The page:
April 5, 2018
Luxury consumers demand the finest goods and services, and cannabis is no exception.
A report from Emerging Insider found that the majority of high-net-worth cannabis consumers would prefer to spend a large sum for high quality, luxury cannabis experiences. Whether that be in the form of rare strains of the plant or in custom, luxury equipment for consuming cannabis, 74 percent of consumers said they would spend $300 or more on cannabis, and 30 percent said they would spend up to $1,000.
"By far the most important takeaway is the desire for privacy among the majority of affluent cannabis users," said Zachary Weiner, CEO of Emerging Insider, Chicago. "If you are targeting this demographic with products or experiences that have a public or social component, tread carefully.
"Dispensaries may be fine for the average consumer, but the majority of affluent users prefer delivery services over in-store experiences," he said. "Along with delivery, tailoring products and services for use in the home is more likely to engage these consumers, which is backed up by our research.
"Respondents were twice as interested in premium ways to store product in their homes as they were interested in fine dining experiences involving cannabis. Reaching these users will be most effective with messaging that includes an element of discretion and privacy."
Cannabis has long had an unfavorable reputation in American society.
Since the 1970s and even before, it was associated with crime, degeneracy and moral failure. Marijuana has been criminalized and a concerted media campaign created a frenzy among parents about the dangers it presented to their children.
But in only a few short decades, public perception of marijuana and cannabis has changed dramatically.
“For decades the U.S. was receiving intense negative messaging around cannabis, and drugs in general, due to Nixon and Reagan's efforts with the war on drugs and the infamous 'just say no' campaign," Mr. Weiner said.
"As recently as 2006, 50 percent of Americans viewed smoking marijuana as morally wrong, according to research from the Pew Center, and two thirds wanted it to remain illegal," he said. "Today those numbers are flipped, and we see two thirds of the public in favor of legalization."
Traditional smoking and edible cannabis products are the most popular methods of consumption for high net worth individuals. Image credit: Emerging Insider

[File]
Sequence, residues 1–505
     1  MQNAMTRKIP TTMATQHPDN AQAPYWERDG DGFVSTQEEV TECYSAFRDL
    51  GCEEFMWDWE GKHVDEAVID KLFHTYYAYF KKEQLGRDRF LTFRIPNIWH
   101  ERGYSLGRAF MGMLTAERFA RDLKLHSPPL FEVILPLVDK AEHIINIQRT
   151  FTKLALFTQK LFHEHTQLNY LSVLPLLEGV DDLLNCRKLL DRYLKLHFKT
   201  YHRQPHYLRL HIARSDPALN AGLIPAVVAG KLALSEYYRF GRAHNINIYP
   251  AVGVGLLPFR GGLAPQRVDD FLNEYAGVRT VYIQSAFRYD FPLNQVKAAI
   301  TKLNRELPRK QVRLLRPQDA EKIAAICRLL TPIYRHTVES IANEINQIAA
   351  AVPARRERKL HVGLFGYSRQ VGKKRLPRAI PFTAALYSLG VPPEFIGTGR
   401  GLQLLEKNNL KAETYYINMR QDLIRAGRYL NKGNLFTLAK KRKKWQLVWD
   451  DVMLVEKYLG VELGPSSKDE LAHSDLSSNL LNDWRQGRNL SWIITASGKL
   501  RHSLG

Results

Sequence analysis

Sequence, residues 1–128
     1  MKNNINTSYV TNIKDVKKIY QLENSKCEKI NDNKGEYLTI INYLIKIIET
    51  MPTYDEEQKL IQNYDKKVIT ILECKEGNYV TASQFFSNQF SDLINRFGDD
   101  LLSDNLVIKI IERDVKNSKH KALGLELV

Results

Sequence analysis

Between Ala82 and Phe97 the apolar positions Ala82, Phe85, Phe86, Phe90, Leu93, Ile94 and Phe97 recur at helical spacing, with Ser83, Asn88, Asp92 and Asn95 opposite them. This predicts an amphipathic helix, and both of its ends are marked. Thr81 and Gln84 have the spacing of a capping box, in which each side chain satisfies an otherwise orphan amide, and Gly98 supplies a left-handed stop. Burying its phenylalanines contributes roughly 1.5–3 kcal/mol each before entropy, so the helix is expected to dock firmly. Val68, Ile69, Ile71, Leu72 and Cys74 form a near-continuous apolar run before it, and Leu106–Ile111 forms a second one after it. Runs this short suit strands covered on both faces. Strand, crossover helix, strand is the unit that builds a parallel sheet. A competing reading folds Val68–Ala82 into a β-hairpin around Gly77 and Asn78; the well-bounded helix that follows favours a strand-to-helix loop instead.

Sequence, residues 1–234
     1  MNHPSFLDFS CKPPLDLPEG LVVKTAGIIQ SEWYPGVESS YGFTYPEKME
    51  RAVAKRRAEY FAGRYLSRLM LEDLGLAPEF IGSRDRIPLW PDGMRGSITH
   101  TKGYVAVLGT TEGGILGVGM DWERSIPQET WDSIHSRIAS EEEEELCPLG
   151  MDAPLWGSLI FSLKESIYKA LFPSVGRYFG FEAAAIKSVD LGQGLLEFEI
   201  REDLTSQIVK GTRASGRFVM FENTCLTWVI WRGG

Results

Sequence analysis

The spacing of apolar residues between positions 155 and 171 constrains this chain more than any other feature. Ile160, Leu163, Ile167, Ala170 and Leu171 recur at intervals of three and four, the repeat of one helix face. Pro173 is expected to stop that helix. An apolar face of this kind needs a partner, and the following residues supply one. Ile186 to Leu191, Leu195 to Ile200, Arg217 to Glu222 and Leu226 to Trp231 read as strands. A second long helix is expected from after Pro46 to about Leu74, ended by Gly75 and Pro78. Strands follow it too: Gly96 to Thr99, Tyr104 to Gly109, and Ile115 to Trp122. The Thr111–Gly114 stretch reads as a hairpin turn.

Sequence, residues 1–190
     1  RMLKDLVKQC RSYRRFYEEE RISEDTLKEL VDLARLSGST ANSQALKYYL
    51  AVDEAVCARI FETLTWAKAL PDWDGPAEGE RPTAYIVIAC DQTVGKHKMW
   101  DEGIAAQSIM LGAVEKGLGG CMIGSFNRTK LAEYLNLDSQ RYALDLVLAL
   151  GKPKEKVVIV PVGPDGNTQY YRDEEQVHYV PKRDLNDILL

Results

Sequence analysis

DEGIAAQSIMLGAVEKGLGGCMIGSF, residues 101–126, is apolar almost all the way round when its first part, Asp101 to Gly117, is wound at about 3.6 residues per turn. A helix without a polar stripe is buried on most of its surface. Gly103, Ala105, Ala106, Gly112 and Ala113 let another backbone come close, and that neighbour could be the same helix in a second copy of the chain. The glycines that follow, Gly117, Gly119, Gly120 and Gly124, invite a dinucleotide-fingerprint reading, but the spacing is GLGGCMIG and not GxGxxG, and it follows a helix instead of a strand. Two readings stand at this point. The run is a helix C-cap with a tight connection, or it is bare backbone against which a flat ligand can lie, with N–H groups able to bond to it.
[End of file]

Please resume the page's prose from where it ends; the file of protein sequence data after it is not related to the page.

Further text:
The efforts to have marijuana decriminalized have gathered huge momentum over the years, with a number of states across the U.S. enacting laws to lessen the punishment for marijuana use or making it legal entirely.
“While public perception regarding cannabis has improved over time among affluent populations, stigma still remains, and rigorous studies remain difficult due to the Schedule 1 status at the federal level," Mr. Weiner said. "Due to this stigma, affluent users of cannabis prefer to consume in private, hindering true estimates of the exact rate of consumption amongst the upper-class."
Along with any new product, there is bound to be those who want to consume only the most high-quality version of it. The same goes for cannabis.
The report from Emerging Insider found that a large majority of high-net-worth cannabis users would love to spend large sums on luxury services and equipment.
Forty-one percent of respondents to the survey said they are more open to buying premium brand name strains of cannabis, and 36 percent said they are open to purchasing expensive rare strains of cannabis.
But much of their smoking habits come at a cost of privacy. Unlike cigarettes and cigars, marijuana and cannabis smoking is something that most prefer to do in private, likely due to the fact that it is not legal everywhere and still carries remnants of social stigma.
Seventy-eight percent of respondents would rather smoke in their homes, and 69 percent would pay for a premium luxury delivery service that brings cannabis products straight to their homes.
A luxury cannabis boutique modeled after a jewelry store. Image credit: Emerging Insider
JGA's chairman noted that the way millennial and Gen Z consumers grew up has shifted their thoughts on luxury, making experiences, uniqueness and transparency more important than it was for past generations.
During the session, “Millennials: Influencing Purpose, Prestige and the New Luxury,” at Luxury FirstLook 2017: Time for Luxury 2.0 last year, the chairman detailed the differences in the mindset of millennials and Gen Z, which is shaping the industry. Major changes are coming to luxury with new markets likely to emerge such as cannabis and new business models to sell those emerging products (see story).
While the U.S. may be some ways off from people openly walking down the street smoking marijuana, the momentum behind the legalization effort is large and the potential profits from establishing a premium cannabis service are real.
For luxury brands, it may finally be time to begin thinking about how to build a truly upscale cannabis experience.
"The most challenging aspect for the luxury cannabis industry will be maintaining discretion to fulfill the privacy desires of affluent consumers," Mr. Weiner said. "Our survey found that 78 percent of affluent cannabis users would only smoke at home rather than outdoors or in any designated businesses in legalized states.
"This will affect whether consumers are interested in certain offerings from luxury cannabis companies, especially as it relates to experience-based products," he said. "It’s not that these users aren’t interested in cannabis-infused experiences, but they’d be much more interested if the event was discrete and exclusive, or even better able to be done at home."